Geo Week News

May 20, 2024

Around the Lidar and Geospatial Industries: Aerial Imagery, Monticello, Connectivity

This week we look at stories highlighting the importance of aerial imagery, lidar for historical context, and a connectivity initiative in Canada.
Aerial shot of Denmark's countryside | Shutterstock

Geospatial data comes in a number of different forms, whether it be lidar or imagery, and whether it’s captured from the ground, air or space, and whether it’s captured by a human or some sort of uncrewed vehicle. Every form of data and capture has its own utility, and the growing number of options – along with the increasing accessibility to these different options – is making the jobs of surveyors and other geospatial professionals significantly easier. Right alongside those benefits, we now have more industries that are taking advantage of this data to improve their efficiency, getting to the crux of our coverage here at Geo Week News.

Today, we’re looking at some stories from friends around the geospatial industry highlighting many of these new realities. Whether it’s making the lives of surveyors easier, or improving the work of ostensibly non-geospatial industries, or some combination of the two, this is one of the most interesting spaces in business today. This week we start with a look at how aerial imagery is working to make surveying simpler in Denmark. Then, we look at lidar being used to uncover more information about American history. And finally, we have an article highlighting the role of geospatial technology in connectivity. Find the full articles below.

Image via GIM International

How aerial imagery simplifies surveying workflows in Denmark

Martin Rosengreen | GIM International

Although the improved cost margins and power associated with drones and imagery captured via payloads on said drones have made those tools a massively important part of surveying, there is still plenty of utility around aerial imagery collected with crewed aircraft. Typically, of course, much more powerful cameras are able to be carried with these aircrafts. This article dives into how aerial imagery is helping to simplify surveying workflows in Denmark. More specifically, it highlights Denmark’s Digital Orthophoto (DDO) project, which they say has been a “reliable historical record of Denmark’s geography since 1995.” Rosengreen says the DDO project “is a good example of how the evolution of airborne technology has had an impact on the understanding and utilization of the country’s ever-changing landscape.”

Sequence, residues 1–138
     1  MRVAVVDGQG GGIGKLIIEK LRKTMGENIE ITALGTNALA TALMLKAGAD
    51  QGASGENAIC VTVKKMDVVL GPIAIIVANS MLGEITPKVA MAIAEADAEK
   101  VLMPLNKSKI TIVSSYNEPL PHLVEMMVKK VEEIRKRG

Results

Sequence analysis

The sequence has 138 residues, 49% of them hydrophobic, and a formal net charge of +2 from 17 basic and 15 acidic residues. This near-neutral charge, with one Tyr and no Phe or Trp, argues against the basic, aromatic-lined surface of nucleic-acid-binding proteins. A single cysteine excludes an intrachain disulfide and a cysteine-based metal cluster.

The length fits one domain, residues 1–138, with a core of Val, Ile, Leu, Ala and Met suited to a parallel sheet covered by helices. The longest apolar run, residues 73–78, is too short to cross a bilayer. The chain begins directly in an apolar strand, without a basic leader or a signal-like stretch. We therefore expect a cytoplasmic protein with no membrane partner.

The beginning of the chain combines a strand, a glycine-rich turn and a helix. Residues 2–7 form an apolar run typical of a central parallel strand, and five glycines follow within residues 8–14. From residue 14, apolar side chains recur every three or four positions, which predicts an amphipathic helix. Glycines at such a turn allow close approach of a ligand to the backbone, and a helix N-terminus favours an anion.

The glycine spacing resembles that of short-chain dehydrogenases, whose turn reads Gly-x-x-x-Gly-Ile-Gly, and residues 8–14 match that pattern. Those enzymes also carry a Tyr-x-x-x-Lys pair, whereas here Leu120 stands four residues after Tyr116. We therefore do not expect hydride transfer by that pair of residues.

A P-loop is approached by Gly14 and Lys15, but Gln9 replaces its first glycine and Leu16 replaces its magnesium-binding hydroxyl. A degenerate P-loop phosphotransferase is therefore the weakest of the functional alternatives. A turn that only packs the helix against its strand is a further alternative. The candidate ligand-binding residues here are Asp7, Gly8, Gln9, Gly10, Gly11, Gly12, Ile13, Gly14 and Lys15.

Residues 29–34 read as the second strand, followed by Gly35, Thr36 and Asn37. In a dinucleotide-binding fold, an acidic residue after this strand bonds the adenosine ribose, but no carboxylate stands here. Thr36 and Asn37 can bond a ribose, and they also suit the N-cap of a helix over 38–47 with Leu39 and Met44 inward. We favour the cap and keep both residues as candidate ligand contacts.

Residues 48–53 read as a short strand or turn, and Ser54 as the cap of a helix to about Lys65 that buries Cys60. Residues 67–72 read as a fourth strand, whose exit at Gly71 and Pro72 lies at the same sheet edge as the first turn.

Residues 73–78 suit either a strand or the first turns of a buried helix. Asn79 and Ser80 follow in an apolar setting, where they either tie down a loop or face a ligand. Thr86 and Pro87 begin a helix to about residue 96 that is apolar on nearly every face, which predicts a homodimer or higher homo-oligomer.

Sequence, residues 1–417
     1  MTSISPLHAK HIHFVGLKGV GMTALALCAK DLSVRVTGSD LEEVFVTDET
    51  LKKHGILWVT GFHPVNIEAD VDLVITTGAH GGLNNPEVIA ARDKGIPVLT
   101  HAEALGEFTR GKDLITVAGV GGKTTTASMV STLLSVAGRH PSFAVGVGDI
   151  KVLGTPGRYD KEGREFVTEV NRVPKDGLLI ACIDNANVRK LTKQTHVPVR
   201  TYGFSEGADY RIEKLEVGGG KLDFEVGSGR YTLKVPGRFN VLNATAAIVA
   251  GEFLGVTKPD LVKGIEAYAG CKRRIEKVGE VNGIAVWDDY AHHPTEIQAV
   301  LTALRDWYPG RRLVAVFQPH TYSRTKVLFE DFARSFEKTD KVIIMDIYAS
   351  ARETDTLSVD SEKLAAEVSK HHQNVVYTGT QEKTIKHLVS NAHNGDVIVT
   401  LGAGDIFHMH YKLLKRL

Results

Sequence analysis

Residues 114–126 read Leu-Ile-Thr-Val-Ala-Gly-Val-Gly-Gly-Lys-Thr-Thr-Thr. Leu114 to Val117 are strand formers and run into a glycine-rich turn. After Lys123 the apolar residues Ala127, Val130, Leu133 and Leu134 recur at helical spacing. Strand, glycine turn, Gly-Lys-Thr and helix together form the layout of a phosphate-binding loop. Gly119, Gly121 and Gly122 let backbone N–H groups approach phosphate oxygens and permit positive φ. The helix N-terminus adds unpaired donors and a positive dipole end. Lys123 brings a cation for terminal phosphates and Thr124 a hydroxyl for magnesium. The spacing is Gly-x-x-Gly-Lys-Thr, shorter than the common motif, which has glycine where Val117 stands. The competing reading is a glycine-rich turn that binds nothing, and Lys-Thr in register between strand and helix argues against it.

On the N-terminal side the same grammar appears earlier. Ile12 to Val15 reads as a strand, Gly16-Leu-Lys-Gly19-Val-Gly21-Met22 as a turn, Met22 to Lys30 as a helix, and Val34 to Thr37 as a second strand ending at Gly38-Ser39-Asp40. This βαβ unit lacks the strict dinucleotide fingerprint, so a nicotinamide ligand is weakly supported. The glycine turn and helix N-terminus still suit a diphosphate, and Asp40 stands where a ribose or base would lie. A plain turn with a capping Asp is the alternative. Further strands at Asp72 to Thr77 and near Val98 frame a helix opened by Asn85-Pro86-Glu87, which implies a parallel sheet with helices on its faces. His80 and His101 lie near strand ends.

Read the full article here >>

Monticelly | Shutterstock

Lidar Brings Monticello into Focus

Brad Barker, Derek Wheeler | Lidar Magazine

In these “Around the Industry” articles, as well as some other original articles put together by Geo Week News staff writers, we’ve seen plenty of coverage of how lidar mapping is being used to better understand history. Most of the time this is involving history from quite a long time ago, with the most prominent recent examples often revolving around ancient Mayan civilization, where many new insights are being uncovered thanks to lidar’s ability to penetrate vegetation associated with the region’s rainforests. It doesn’t always have to be ancient history, though. In this article, Barker and Wheeler showcase how lidar is being used to help make new discoveries and provide more context around life at Thomas Jefferson’s Monticello.

Read the full article here >>

Image via xyHT

The Growing Role of Geospatial Technology in High-Speed Connectivity for All

Linda Duffy | xyHT

Having access to high-speed internet connections is now a necessity for life in much of the world, with everything from education to employment often at least partially relying on these kinds of strong connections. It’s also a trend that doesn’t figure to recede at any time looking forward. However, there are many rural areas around North America that still do not have reliable access to high-speed connection, but that’s something that is being addressed with the help of geospatial technology. In this article, Duffy highlights an initiative in Ontario, Canada looking to provide fiber-to-the-home connection across the entire province, and how mobile mapping is becoming a key part of that work.

Read the full article here >>

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